As two states of a democratic nation came to a standstill with the Ram Rahim Singh verdict, here’s a look at the role various media play in disseminating information and what the masses consume.
Media - the one word that polarises many. Be it the coverage, the journalists, social media influencers, debates, or the opinion pieces - everything is under the public scanner, and why not! However, there are way too many aspects to that one five-letter word. It is not just the single-dimensional news-giving source that provides information and influences masses.
From the daily dose of weather updates, stock market fluctuations and train schedule changes, to the large-scale incidents of violence, riots, protests and terrorist activities, we are bombarded with information from a thousand different sources - each giving his/her own view on the subject.
Gurmeet Ram Rahim Singh, whose conviction in a rape case last week caused much ruckus up north, and shook the administration, calls himself a ‘philanthropist, social worker, saint’ among a hundred other things in his bio on Twitter. He has a dedicated website, a verified Twitter account, and a Facebook page.
A number of his followers after the verdict put up messages on social media about how ‘truth will triumph’ and how the godman will emerge victorious while some others have smashed him and the state machinery for letting the baba flourish.
What then is the ‘common man’ supposed to consume?
The social media game
“Social media is now a tool to influence popular perception. With there being no filters between the opposing sides, it is a full-on pitched battle. In this battle all is fair game to make the other side look terrible,” says Harini Calamur, a senior media professional, who has extensively worked in online media.
She, however, has a slightly optimistic view on the role of social media in the Ram Rahim episode. Social media was rather muted, as compared to otherwise, she says, blaming it on low social media base in Panchkula. “Those from Panchkula who were on social media, and Haryana, were offering help to those stranded when violence broke out after the verdict was announced. There were fairly authentic reports, for people from the ground,” she says.
In this situation, when even the international media has picked up the issue and the following chaos, our own media has been in the centre of action.
The media has covered Ram Rahim, over the years, for his ‘social work’ activities and during the release of his movies.
The news media, mostly the television medium, has often been at the receiving end when it comes to covering critical situations like riots and issues of national security. While the media professionals laud themselves for being in challenging situations and giving ‘live’ news to the public, their work is also looked at as a hindrance by the security agencies on a number of occasions.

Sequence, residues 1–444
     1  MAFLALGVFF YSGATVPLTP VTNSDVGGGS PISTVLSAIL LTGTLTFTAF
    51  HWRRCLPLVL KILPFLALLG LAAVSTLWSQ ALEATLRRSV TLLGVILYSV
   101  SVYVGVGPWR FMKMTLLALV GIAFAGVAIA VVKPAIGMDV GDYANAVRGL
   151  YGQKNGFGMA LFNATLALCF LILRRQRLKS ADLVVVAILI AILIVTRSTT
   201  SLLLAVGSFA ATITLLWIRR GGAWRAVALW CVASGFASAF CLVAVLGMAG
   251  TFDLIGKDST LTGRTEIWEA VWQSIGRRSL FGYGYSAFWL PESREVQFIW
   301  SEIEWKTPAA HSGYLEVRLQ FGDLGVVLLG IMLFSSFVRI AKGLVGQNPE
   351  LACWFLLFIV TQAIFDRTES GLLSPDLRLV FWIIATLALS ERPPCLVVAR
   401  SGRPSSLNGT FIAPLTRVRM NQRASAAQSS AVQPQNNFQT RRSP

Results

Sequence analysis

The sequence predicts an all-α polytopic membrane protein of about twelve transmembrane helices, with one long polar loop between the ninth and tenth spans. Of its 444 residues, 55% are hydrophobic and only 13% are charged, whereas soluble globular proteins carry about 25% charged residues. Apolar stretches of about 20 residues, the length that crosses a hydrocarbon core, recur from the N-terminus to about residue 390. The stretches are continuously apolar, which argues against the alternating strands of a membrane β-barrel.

“I think the media must be careful when it comes to reporting on sensitive issues like a communal riot or a terror attack,” says Tathagata Bhattacharya, Editor (Digital), National Herald. He, however, adds that this case of conviction of Gurmeet Ram Rahim did not fall into these categories.
“It was an administrative lapse that led to the violence. If media did not report on those, today the country would not know how the Haryana government messed up. How were lakhs of people allowed to congregate over a number of days? I think the media has done its job and that’s why the Haryana government has got egg on its face,” he believes.
Shaili Chopra, TV journalist, agrees. Chopra, who has reported live from the Taj Hotel in Mumbai, during the 2008 terrorist attack, says that it’s the sensitive situations where reporters should be. “It is the core job of journalists to report from where there are clashes or violence.”
A number of photojournalists have, in the past and in the current Ram Rahim situation, been injured in the process of capturing the moment. “There is no such concept of safety of reporters,” says Chopra, adding that every situation demands a certain kind of reporting. When we speak of the line that journalists shouldn’t cross, Chopra says that the line keeps changing depending on the situation.
“A journalist’s biggest ally is his/her common sense. One needs to know where to push the boundaries. Also, if the line is open to cross, why not?” she asks, citing the example of armed forces, where you are given clear instructions of ‘trespassers will be prosecuted’. “We are citizens of India first, so we must abide by these. You can’t cross this line,” she insists.
When reporting in a critical situation of violence or national security, the one question that journalists must ask themselves in this age of ‘breaking news’ is whether their reporting, is going to help the situation or worsen it, she concludes.